Flexible, thin-film solar panels from a Silicon Valley company are allowing drone makers to keep their craft in the sky for hours longer than is possible with batteries alone.
A U.S. banking regulator says an employee downloaded a large amount of data from its computer system a week before he retired and is now unable to locate the thumb drives he stored it on.
Samsung's smartphone division struggled to breakeven between July and September as sales plunged due to the recall of its high-end Note 7.
Apple CEO Tim Cook and Microsoft founder Bill Gates were both on a list of potential vice presidential candidates for Hillary Clinton, according to a leaked email published on Tuesday by Wikileaks.
Tesla's deepening relationship with Panasonic could give the U.S. company a short cut to realizing its dream of electric cars and smart homes.
A Japanese company has developed an electrical cable that can be stretched. Asahi Kasei says the cable, called Roboden, will expand by up to 40 percent of its length before hitting its limit.
Omron's table tennis robot is getting smarter. At this week's Ceatec electronics show in Japan, the company has unveiled a new version that uses machine learning to assess the strength of an opponent and ramp up its game accordingly.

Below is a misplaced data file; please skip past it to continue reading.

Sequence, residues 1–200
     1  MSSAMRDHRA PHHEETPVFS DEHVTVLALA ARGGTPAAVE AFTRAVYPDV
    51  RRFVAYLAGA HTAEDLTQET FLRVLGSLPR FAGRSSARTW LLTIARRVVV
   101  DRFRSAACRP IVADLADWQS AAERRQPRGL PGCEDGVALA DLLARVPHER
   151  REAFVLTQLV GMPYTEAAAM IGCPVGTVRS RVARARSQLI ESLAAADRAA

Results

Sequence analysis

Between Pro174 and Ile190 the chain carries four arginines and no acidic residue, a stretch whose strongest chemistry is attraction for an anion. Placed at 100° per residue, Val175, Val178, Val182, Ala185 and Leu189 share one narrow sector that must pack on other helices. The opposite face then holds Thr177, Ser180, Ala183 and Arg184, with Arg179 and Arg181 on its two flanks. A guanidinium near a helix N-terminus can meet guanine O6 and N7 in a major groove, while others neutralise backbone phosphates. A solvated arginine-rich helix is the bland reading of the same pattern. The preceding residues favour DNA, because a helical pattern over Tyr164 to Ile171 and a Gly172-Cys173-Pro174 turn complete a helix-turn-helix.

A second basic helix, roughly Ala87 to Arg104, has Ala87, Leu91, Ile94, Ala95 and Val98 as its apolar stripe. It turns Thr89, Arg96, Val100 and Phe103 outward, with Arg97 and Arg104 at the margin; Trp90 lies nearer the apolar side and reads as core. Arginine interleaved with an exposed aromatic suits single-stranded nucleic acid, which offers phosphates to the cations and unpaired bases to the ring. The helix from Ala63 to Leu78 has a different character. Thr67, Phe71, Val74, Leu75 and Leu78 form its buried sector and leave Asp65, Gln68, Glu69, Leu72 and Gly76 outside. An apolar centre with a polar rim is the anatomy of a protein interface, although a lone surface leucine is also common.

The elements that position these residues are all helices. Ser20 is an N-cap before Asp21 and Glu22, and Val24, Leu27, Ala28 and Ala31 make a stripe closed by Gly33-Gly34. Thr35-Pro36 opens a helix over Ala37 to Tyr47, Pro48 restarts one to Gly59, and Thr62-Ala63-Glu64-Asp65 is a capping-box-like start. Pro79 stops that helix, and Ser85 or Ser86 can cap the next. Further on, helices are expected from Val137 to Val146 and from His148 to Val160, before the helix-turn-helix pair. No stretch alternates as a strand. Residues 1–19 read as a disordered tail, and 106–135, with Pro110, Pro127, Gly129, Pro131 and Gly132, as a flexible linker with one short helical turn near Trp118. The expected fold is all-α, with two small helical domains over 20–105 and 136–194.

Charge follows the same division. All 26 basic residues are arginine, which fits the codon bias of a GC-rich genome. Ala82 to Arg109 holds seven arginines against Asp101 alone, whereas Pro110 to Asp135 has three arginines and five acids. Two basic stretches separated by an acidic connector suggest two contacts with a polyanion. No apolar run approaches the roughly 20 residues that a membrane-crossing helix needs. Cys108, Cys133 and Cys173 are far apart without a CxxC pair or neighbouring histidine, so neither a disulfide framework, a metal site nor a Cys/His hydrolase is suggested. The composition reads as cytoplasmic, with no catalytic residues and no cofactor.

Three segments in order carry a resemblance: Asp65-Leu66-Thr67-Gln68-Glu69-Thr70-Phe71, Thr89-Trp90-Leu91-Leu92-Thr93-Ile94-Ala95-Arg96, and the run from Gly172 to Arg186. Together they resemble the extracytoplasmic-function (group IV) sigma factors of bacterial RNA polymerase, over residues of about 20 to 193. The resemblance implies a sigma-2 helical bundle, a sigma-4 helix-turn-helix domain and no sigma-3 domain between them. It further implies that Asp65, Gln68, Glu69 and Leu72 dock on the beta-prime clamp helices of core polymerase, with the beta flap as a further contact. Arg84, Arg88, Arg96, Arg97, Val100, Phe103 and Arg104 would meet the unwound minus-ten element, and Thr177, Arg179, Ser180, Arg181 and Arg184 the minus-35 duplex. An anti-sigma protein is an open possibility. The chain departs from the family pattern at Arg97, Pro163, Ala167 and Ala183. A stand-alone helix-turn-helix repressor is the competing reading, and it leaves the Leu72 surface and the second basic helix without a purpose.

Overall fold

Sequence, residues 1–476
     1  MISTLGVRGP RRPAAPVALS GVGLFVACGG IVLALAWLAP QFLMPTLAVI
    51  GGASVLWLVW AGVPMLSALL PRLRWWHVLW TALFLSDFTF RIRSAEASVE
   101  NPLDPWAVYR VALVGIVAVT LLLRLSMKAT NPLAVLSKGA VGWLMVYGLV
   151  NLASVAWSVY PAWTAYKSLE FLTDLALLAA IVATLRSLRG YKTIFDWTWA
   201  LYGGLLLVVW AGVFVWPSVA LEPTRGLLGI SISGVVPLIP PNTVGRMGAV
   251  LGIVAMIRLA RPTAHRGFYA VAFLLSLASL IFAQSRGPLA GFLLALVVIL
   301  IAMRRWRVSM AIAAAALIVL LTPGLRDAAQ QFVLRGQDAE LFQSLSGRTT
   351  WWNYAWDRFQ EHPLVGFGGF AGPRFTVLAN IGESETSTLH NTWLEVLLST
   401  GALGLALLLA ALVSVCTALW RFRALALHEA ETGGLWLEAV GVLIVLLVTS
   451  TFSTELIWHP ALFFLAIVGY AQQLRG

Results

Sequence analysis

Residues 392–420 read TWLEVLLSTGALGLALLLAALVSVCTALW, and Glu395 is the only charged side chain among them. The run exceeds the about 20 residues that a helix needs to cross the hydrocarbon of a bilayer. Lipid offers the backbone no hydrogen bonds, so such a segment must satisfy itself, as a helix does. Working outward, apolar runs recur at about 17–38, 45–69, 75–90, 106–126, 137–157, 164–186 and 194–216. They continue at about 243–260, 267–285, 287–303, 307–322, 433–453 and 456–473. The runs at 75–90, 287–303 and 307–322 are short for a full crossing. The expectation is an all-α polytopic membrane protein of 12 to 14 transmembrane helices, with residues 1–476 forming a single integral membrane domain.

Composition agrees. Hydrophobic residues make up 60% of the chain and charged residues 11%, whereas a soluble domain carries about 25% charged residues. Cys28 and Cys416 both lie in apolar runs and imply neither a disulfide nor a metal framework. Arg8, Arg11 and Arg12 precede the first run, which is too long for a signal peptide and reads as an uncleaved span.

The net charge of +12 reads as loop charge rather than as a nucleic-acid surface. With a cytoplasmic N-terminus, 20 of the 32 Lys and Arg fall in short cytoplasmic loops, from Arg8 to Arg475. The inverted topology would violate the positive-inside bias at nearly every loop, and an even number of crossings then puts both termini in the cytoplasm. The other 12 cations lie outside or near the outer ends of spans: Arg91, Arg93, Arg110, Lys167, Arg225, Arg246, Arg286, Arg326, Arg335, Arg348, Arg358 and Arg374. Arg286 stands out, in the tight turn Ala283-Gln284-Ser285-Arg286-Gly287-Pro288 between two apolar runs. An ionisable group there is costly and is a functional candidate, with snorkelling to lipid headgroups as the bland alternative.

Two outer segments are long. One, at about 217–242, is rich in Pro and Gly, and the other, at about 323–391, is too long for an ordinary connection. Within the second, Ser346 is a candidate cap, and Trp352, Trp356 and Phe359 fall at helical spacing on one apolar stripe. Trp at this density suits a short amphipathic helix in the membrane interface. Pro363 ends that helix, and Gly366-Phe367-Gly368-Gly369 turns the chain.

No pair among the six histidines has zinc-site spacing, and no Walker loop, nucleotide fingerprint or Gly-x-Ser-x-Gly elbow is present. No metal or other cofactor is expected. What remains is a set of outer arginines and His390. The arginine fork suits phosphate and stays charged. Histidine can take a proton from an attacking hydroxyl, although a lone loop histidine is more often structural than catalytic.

Forget smartphone charging. When it comes to next-generation wireless power, engineers in Japan are working on a system that can send large amounts of electrical power over considerable distances.
Panasonic has developed a data transmission system that can exchange information through human touch.
Two of Japan's biggest obsessions have collided on the Sharp booth at this year's Ceatec electronics show, where the company is displaying a robot vacuum cleaner that blasts J-Pop songs while it sweeps.
If you've bought a 4K television and are disappointed at the lack of content, this might not ease your frustration: Japan has is fast on the way to 8K TV broadcasting with a full service due in the next four years.
Japanese public broadcaster NHK has developed a prototype 8K screen that's large, thin and shows an amazing picture.
The world's first laundry sorting and folding robot will go on sale in 2017, its manufacturer said on Tuesday at the Ceatec electronics show just outside of Tokyo.
Among the robots, big screens and fast computers of Japan's Ceatec electronics show, a small prototype being shown off by Fujitsu is probably one of the lowest tech gadgets on the show floor, but it could be one of the most important.
Driving can sometimes be a solitary affair, heading from place to place with only the road and radio for company, but that could change with Toyota's Kirobo Mini robot.